Florida

The Gilded Age Makes A Comeback

Edith Wharton portrait.jpg

The historian Carl Degler, who recently died, studied the rapid urbanization and industrialization of the late 19th century. That period has striking parallels to our country at the beginning of the 21st century. Between 1880 and 1915 the country’s face changed, and today the same phenomenon is occurring. The polarization of society and the divisive politics of that time were resolved, according to Degler, only by the rise of progressivism, which returned America to a sense of balance. The lack of a progressive “third way” today is startling, given that the concentrations of wealth and power are higher than ever existed in the Gilded Age.  read more »

Subjects:

Central Florida: Stepping Into Deep Density

Retail Space Avil-Florida.png

Florida is on track to break the 20 million population mark by 2016, or possibly even this year. The Sunshine State will displace New York as the third most populous state in the country, just behind California and Texas. Nationally, rural counties absorb a lot of newcomers of modest income or fixed income seeking affordable places to live. Here in Orlando, however, banks and developers are betting big on a newfound taste for the urban lifestyle, beckoning new arrivals with hip-looking apartments and parking garages, often coupled with shopping plazas full of pricey, name-brand retailers.  read more »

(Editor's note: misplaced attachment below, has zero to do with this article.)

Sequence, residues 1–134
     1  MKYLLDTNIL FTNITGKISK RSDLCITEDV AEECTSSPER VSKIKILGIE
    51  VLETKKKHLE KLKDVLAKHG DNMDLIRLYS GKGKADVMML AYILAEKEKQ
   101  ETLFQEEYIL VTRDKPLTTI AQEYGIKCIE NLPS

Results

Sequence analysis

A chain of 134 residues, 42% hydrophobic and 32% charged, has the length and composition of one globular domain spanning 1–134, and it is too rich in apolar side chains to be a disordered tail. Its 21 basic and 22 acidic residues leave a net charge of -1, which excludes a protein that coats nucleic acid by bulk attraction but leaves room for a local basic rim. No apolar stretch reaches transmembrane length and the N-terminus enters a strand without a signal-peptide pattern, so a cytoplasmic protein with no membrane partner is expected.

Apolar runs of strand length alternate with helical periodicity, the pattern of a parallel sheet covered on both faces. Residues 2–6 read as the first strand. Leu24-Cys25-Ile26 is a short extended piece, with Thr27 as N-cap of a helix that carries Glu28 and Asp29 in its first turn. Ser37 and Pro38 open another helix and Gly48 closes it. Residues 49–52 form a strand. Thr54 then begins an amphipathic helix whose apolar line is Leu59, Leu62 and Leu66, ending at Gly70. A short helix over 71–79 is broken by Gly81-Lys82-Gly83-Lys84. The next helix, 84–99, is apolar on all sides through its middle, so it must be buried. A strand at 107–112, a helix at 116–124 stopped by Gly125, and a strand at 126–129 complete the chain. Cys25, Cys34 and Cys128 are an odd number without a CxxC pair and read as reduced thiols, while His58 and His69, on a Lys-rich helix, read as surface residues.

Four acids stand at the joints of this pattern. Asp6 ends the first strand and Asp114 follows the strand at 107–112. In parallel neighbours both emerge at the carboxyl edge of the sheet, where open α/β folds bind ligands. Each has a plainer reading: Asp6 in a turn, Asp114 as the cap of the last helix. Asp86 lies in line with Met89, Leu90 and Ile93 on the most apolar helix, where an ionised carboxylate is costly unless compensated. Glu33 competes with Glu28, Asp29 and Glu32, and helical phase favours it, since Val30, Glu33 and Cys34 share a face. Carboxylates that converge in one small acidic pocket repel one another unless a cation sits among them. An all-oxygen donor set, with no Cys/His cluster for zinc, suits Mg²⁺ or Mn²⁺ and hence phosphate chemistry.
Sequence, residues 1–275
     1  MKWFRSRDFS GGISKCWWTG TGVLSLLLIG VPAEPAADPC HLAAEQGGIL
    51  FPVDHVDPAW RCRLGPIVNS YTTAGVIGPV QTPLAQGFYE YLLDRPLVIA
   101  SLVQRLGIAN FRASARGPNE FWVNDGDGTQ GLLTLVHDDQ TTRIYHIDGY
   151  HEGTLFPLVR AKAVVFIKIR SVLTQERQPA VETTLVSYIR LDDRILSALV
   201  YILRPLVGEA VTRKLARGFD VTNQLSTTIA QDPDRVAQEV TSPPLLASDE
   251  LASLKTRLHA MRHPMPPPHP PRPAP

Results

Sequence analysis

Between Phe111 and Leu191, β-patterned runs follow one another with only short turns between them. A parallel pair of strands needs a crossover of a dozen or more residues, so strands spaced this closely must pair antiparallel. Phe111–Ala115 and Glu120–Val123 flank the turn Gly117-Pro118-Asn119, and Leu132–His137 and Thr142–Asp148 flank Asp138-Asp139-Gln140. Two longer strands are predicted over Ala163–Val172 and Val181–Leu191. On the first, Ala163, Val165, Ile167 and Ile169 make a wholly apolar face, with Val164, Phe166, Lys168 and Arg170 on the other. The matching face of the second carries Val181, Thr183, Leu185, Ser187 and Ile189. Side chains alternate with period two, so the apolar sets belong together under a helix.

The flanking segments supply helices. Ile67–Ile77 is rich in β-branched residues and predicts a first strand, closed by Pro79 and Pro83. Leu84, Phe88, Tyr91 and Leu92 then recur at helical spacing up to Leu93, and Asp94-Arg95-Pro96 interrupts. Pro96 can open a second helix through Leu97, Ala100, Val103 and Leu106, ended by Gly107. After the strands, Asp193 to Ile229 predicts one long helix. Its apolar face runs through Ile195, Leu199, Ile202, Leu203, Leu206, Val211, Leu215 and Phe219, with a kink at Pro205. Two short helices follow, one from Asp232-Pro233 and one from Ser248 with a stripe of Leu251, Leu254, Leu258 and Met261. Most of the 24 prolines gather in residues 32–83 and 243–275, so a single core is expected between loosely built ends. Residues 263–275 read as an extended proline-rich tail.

What College Gowns Bring to Towns

Downtown Gainesville.jpg

The college town, one of America’s most appealing and unique features, grew out of the Age of Reason, and the concept of a regional, liberal-arts college nurtured by a small town has been intertwined with American history. Today, with enrollment dropping, the small, private college seems to be going the same way as the typewriter, the newspaper and the independent bookstore. While some colleges struggle to survive, the institution of the college town lives in suspended animation, ready to support whatever form its major employer may take.  read more »

Florida: When Density is Destructive

Winter Park Lyman Avenue Home;Betsy Owens.jpg

Brick streets, mature old oaks, and a sense of history imbue Winter Park, Florida with a sense of place that is the envy of many small cities and towns. The tony Park Avenue brings shoppers and visitors, who soak up its ambience and enjoy the street life of this quaint southern town. On the east side, bounded by blue lakes, lie gentrified historical mansions, while the west side is a neighborhood of smaller, affordable homes with multigenerational Winter Parkers.  read more »

Florida: How Fine Art Became Local

Museum of Art - DeLand Downtown Satellite.jpg

Fine art resides not only in the cosmopolitan cities. It lived, as we saw in the recent movie “The Monument Men”, in the many villages of Europe. Right now, we are seeing it living on the periphery of Orlando, Florida.  read more »

Subjects:

The Reinvention of Sanford, Florida

Sanford, Fla porch with kids.jpg